Hasan Basari said that physical prostration was forbidden for reasons of modesty since the Salaat prayer used to be only congregational and in the Masjid with men standing on the left side and women on the right. The Salaat prayer used to begin with people standing behind the local Emir (governor) and it was completed in that posture. The Emir recited only Surah Al-Fatihah OR a few other verses relevant to the situation. Then he went ahead with the issues about community welfare and public affairs. When the assembly was adjourned, people dispersed and worked on the agreed upon decisions while engaging in their jobs or businesses. Incidentally, that also indicates that Friday was never a holiday during the early noble era of Islam.
[About physical prostration, also think how birds and other creatures would conduct their Namaz if their Salaat is to be understood literally.]
For the sake of clarity, we can say that, according to the most ancient sources, Namaz or ritual Salaat was observed more like the funeral prayer is conducted today – one raka’at (unit) standing.
Frequency: The central government (Khalifah with his consultative body) used to decide the frequency of Salaat Congregations. During emergent circumstances, it used to take place even five times a day. For example, when Madinah was hit by famine during Hazrat Umar’s times, he sent express camel couriers to the nearby provinces. Meanwhile, he ordered the inhabitants of Madinah to bring their food to the Masjid and vicinity and eat together rather than eating at their homes. He said that the food of two persons could easily suffice three if eaten together. This arrangement proved to be so effective that not an infant died of under nutrition during the seventeen days it took for supplies to reach Madinah from Syria, Iraq and Egypt. On the contrary, under normal circumstances, Muslims used to congregate at the Masjid just once a week i.e. Fridays alone.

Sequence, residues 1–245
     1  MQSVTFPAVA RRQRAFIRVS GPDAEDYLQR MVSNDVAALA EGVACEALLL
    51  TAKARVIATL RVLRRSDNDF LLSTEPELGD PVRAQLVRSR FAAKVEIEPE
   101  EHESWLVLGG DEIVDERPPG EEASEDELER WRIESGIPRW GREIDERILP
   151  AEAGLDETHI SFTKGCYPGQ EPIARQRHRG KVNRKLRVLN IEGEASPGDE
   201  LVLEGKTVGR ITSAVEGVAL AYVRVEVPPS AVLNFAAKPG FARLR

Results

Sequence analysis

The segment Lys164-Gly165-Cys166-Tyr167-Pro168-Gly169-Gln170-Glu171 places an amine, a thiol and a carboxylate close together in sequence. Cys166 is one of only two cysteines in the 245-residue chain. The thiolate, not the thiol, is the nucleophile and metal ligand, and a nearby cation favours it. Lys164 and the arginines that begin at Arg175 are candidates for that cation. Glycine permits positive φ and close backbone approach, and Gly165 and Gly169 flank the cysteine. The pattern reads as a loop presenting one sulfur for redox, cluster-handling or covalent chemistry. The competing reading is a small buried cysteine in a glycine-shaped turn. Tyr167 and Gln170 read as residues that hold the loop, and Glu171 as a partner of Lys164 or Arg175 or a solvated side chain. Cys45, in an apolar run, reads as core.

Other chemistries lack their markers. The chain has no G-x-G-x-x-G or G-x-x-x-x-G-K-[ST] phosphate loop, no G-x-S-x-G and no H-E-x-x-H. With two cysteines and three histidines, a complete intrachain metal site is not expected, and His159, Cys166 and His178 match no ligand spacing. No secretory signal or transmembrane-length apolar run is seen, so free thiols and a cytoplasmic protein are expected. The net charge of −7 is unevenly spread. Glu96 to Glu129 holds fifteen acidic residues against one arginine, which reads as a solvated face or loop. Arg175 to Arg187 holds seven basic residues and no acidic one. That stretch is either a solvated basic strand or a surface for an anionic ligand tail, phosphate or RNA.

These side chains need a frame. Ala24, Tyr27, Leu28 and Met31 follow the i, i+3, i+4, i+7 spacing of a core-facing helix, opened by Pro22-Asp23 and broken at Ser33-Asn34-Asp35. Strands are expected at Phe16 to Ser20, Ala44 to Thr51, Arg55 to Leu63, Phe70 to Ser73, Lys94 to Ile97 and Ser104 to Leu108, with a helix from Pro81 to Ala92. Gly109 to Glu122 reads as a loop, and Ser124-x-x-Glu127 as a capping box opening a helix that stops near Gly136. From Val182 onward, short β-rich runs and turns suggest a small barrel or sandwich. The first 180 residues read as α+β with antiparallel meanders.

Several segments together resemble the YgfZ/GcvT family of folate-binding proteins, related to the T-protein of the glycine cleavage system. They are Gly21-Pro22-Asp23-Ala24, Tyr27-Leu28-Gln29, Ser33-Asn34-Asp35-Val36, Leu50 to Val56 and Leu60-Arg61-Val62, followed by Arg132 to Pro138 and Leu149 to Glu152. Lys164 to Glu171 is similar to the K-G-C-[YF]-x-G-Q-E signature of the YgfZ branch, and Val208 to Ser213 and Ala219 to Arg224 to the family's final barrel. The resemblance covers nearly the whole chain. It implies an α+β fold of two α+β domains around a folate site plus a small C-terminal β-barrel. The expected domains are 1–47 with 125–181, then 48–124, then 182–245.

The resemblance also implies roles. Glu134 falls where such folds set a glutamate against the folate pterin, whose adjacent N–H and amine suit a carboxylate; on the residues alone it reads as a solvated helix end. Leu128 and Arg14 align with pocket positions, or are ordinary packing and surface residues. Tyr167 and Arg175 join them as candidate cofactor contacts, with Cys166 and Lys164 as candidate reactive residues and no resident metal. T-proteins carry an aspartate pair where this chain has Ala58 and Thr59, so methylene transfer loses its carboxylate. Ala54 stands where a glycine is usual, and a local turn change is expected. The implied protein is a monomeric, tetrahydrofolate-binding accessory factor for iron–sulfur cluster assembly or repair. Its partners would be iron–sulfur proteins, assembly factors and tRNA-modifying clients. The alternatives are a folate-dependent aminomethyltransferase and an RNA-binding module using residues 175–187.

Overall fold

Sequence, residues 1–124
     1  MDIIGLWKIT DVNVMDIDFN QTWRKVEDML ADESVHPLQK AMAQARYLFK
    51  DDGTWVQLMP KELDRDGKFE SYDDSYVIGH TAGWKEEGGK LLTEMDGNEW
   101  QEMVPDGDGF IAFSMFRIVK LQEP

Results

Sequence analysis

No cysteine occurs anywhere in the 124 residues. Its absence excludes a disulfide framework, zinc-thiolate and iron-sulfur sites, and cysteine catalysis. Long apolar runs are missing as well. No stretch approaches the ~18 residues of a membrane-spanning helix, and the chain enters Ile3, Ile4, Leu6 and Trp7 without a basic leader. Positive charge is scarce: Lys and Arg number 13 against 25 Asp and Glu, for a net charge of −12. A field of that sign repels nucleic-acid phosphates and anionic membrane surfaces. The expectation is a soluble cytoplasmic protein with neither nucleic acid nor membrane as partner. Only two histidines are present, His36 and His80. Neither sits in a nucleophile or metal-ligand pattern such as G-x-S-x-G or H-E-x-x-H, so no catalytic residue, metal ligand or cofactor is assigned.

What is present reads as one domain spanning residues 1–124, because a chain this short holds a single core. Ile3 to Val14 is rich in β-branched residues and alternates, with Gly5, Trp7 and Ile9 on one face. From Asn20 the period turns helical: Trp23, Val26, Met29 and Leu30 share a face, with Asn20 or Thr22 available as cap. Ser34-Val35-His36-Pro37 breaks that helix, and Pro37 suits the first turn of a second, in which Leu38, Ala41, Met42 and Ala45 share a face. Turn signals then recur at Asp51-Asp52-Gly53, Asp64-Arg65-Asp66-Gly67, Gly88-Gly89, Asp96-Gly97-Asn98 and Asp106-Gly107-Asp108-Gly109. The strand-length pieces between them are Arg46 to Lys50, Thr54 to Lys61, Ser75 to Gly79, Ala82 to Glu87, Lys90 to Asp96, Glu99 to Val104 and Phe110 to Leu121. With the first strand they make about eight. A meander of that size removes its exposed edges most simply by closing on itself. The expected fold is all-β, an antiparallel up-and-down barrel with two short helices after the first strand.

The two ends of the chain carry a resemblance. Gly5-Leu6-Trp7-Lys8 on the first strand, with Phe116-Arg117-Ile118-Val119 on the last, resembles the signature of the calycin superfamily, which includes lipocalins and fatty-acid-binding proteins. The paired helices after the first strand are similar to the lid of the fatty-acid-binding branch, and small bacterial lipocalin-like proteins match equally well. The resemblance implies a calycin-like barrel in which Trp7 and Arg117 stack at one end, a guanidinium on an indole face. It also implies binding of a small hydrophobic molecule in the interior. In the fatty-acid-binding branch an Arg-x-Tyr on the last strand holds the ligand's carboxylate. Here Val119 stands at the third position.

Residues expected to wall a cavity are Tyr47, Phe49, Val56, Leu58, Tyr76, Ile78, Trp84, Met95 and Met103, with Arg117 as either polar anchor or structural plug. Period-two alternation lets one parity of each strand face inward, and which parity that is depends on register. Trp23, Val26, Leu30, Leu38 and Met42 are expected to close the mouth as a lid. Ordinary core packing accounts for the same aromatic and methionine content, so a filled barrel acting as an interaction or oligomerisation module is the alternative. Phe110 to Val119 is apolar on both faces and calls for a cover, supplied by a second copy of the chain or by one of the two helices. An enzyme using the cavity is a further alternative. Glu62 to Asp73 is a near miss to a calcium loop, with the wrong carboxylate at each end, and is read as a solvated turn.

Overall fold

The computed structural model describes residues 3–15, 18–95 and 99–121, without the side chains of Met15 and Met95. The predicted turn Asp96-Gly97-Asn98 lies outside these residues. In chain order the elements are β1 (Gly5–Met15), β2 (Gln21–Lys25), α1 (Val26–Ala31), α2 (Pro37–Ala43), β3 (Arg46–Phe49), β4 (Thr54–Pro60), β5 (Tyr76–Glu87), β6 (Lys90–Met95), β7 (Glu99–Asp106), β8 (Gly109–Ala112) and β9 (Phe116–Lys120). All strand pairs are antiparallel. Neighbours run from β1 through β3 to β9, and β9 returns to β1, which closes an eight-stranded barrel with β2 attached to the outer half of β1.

(Ref: 1. 'Azwaaj-in-Nabi wal-Ashaab', by Hammad bin Hakam in 94 AH, 210 years before Tareekh Tabari. 2. 'Kitab-e-Dalail-e-Nabawwut Syedna Muhammad' by Abdul Jabbar Fatimi, written in 130 AH, 150 years before Tabari, the first ever 'canonized' historian. More references follow after a few paragraphs.)
Less than 5% Muslims "perform" the five times a day Namaaz and they keep announcing it. No one can say or says, "I have established Salaat." Yet, most Muslims keep arguing about Namaaz.
Violation of human Rights by the Namaazis: Then, hardly any of them would display exceptional character. And most certainly, they won’t even think of violating human rights during the process. The so-called Namaazi would leave a hungry, crying child, or a sick elderly to fulfill the so-called “Huqooqullah” (the rights of Allah), a term which nowhere appears in the Qur’an except implicitly at one place where it means helping the needy with one’s wealth. Empty rituals are certainly by no means ordained in the Qur’an.
6:141 He is the One Who creates bounties for you, such as gardens that are cultivated, greens that are wild, palm trees of various kinds, crops in diversity, olives and pomegranates, fruits that are similar and diverse. Enjoy them, but give Him His Right on the Day of the Harvest. And waste not the bounty of God. He does not love the wasteful. [‘give Him His Right’ = Give God His Right = Render to the poor what is their Divinely ordained right.]
Experiment: Call a random gathering of Muslims anywhere for Namaaz under completely unexpected circumstances. You will notice almost all of them joining the lines, most of them without Wudhu (Ablution)!
What Exactly Was NAMAAZ (Ritual Salaat): As far as I have been able to analytically search our history and Hadith, following was the probable situation in the lifetime of the exalted Prophet and Sahaba Kiraam.
• Ritual prayer or Namaaz was a small part of Aqamatis-Salaat, i.e. establishing the System that facilitates the following of Divine Commands.
• The ritual prayer was always congregational.
• Women and men both formed this congregation, women on the right side of men.
• The frequency and timing of the congregations were determined by the State as needed. It was never fixed as five times a day ritual.
• Namaaz was performed with the Emir (governor) reciting some verses from the Qur’an relevant to the situation at hand as the congregation listened to him. The Emir would recite a few verses in the standing position as did the congregation behind him.